Painting him as a whiny teenager who only cares about his own world’s safety amid a galaxy of worlds under siege in order to learn a lesson about prioritisation felt kind of weird in a “I still think Ezra’s the weakest part of this show” kind of way. Sure, the lesson was learned in the end, but it was so hard to feel connected to the character when he’s saddled with these really awful, selfish moments.
4. How We Fight
Not to, y’know, politicise everything, but I’m going to politicise everything. 2017 sucks and one of the things that an emergent tolerance of fascism in the West has exposed is how meagre the liberal stance is in defending the civilisation against literal tyranny. The kind of political opponents to the right wing that care more about their own monetary status than the lives of the people they claim to protect. Meanwhile, we’ve seen large sects of people actively rise up to fight against fascism without the constraints of capitalist liberalism.Continued below
Bearing that in mind, I’m continually frustrated by how Lucasfilm has painted the ideological conflict between Mon Mothma and Saw Gerrera. While the broader ideas of liberalism vs. anarcho-leftism are an interesting aspect to bring to the Rebel Alliance in order to show fractures in their organisation before the singular threat of the Death Star unites them, the way Saw is painted as a violent extremist rubs me the wrong way.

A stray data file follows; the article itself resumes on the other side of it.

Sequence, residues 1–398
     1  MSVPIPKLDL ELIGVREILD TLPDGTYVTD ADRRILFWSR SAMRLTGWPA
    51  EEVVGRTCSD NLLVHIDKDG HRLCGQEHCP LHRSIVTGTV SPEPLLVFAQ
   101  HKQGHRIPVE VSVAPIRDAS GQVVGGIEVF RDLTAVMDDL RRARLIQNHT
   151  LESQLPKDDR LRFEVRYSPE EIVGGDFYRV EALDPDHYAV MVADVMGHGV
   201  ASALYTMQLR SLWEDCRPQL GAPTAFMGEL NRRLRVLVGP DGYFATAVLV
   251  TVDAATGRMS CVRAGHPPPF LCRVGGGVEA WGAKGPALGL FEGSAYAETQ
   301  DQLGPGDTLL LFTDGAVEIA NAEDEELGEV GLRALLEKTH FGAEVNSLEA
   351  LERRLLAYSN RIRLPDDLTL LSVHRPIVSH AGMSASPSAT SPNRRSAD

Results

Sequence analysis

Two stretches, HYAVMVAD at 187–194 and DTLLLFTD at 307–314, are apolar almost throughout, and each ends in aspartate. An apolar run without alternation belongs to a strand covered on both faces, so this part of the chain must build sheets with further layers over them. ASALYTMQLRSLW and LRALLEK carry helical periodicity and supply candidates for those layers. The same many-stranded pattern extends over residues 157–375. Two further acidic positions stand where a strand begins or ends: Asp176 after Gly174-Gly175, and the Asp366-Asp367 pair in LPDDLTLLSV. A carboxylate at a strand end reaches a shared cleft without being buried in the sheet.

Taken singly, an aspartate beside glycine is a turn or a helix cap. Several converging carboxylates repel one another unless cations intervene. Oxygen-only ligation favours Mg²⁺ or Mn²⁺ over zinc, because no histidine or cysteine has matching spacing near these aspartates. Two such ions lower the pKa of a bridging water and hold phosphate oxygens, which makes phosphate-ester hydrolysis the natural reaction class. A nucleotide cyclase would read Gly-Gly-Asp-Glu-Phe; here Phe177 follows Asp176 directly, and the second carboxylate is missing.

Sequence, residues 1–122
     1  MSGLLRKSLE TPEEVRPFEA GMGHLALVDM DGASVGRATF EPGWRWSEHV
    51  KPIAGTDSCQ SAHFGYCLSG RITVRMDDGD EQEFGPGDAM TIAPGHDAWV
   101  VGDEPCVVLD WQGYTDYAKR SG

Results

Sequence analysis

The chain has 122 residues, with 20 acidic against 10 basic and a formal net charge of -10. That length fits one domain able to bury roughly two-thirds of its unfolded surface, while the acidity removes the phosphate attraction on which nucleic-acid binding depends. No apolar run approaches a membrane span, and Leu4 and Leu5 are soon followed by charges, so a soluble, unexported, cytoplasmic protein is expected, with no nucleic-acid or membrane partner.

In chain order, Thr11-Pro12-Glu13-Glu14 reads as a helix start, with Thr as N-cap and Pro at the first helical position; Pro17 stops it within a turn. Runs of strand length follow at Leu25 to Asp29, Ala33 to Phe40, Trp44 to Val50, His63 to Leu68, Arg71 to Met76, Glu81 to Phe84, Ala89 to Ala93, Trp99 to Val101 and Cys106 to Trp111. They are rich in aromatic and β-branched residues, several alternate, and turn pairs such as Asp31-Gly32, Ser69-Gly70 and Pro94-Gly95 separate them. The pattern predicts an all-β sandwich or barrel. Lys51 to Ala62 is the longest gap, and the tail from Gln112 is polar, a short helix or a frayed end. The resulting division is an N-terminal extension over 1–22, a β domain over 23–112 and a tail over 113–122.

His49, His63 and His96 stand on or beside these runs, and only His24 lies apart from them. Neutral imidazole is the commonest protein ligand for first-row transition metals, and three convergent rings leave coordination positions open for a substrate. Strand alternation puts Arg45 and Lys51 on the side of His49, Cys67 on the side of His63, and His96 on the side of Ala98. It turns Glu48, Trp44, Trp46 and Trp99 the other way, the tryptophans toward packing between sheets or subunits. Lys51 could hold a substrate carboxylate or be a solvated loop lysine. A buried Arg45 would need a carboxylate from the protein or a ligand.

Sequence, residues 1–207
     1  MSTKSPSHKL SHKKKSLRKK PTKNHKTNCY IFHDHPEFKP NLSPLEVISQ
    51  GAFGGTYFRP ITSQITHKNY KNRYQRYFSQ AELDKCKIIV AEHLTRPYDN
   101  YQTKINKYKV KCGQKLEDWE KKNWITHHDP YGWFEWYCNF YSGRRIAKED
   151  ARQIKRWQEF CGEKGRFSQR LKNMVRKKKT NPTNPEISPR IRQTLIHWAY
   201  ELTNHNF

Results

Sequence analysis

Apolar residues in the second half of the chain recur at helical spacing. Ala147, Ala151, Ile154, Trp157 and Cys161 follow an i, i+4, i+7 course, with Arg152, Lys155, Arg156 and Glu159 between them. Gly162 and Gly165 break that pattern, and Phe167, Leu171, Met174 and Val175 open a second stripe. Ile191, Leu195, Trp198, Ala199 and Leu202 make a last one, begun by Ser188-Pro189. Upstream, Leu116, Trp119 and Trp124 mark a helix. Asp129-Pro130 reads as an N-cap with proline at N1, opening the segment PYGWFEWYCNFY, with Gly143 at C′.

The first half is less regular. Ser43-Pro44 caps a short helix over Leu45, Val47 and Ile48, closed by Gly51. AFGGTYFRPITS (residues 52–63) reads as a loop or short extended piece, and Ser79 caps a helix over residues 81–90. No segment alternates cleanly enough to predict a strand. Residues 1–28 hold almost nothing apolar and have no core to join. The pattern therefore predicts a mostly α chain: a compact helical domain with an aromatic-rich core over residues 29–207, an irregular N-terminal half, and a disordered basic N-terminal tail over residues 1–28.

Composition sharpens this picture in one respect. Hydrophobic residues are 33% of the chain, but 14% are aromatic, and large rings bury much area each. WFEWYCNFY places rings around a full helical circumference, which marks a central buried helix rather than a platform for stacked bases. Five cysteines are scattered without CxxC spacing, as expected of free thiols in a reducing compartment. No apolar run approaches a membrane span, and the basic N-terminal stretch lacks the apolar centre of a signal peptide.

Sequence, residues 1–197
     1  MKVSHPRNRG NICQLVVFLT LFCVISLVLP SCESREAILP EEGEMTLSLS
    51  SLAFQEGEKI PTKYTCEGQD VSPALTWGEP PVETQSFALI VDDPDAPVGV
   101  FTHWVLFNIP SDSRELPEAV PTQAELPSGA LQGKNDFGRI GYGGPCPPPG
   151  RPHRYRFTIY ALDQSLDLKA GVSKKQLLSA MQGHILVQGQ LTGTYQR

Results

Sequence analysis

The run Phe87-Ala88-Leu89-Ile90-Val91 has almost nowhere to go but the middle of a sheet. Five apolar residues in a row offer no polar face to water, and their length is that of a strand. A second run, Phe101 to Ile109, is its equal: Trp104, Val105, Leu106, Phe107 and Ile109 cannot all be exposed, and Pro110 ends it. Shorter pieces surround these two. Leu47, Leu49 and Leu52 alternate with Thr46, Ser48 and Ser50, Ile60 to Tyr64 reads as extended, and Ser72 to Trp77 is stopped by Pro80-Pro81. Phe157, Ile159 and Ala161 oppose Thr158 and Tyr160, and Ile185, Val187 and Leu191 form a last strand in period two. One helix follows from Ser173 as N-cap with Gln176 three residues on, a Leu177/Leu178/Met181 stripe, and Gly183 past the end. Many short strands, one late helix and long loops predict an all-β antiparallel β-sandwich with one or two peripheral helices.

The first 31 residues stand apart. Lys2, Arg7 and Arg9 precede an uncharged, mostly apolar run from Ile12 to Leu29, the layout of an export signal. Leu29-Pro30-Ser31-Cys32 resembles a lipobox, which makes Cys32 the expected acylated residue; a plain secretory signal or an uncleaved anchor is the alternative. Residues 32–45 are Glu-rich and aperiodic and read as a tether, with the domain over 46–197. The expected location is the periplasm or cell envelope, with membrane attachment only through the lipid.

This is something that’s bugged me since Rogue One, but the way the story frames the moral pacifism of an upper class white woman who used to be a part of the system she’s now fighting against as superior to the direct action of a black man from a war-torn background and his ethnically Middle Eastern coded followers is… problematic, to say the least. It’s not something I have the space to get into here, but know that I’m more on the side of Saw Gerrera than of Mon Mothma.
5. Bringing It All Together
Season 3 of Rebels was sadly marred by the fact that it’s ties to Rogue One had to be danced around until the release of the film so as not to destroy Lucasfilm’s tightly wound anti-spoiler policies. It lead to a sparse first half of the season with all the major story beats backloaded with ties to the film that couldn’t be resolved in the show itself. Thankfully, with some distance between this season and Rogue One and no concurrent anthology film to tie into, Season 4 of Rebels can freely breathe in the same space as Rogue One without story interference.
This allows for the show to follow up on the story of Saw Gerrera after he disbands from the Alliance, to explore the Rebel cells flocking to Yavin IV and to show the beginings of the Rebels discovering the Empire’s secret weapons without stepping on any toes. Not only that, but the Kyber crystal stuff in this episode doesn’t just tie into Catalyst and Rogue One, but it follows up on an arc of The Clone Wars that sadly never made it to air. This is the kind of connective tissue that makes the storytelling of the new Star Wars canon so engrossing and I’m glad to see Rebels unbound by the whims of another story’s marketing schedule.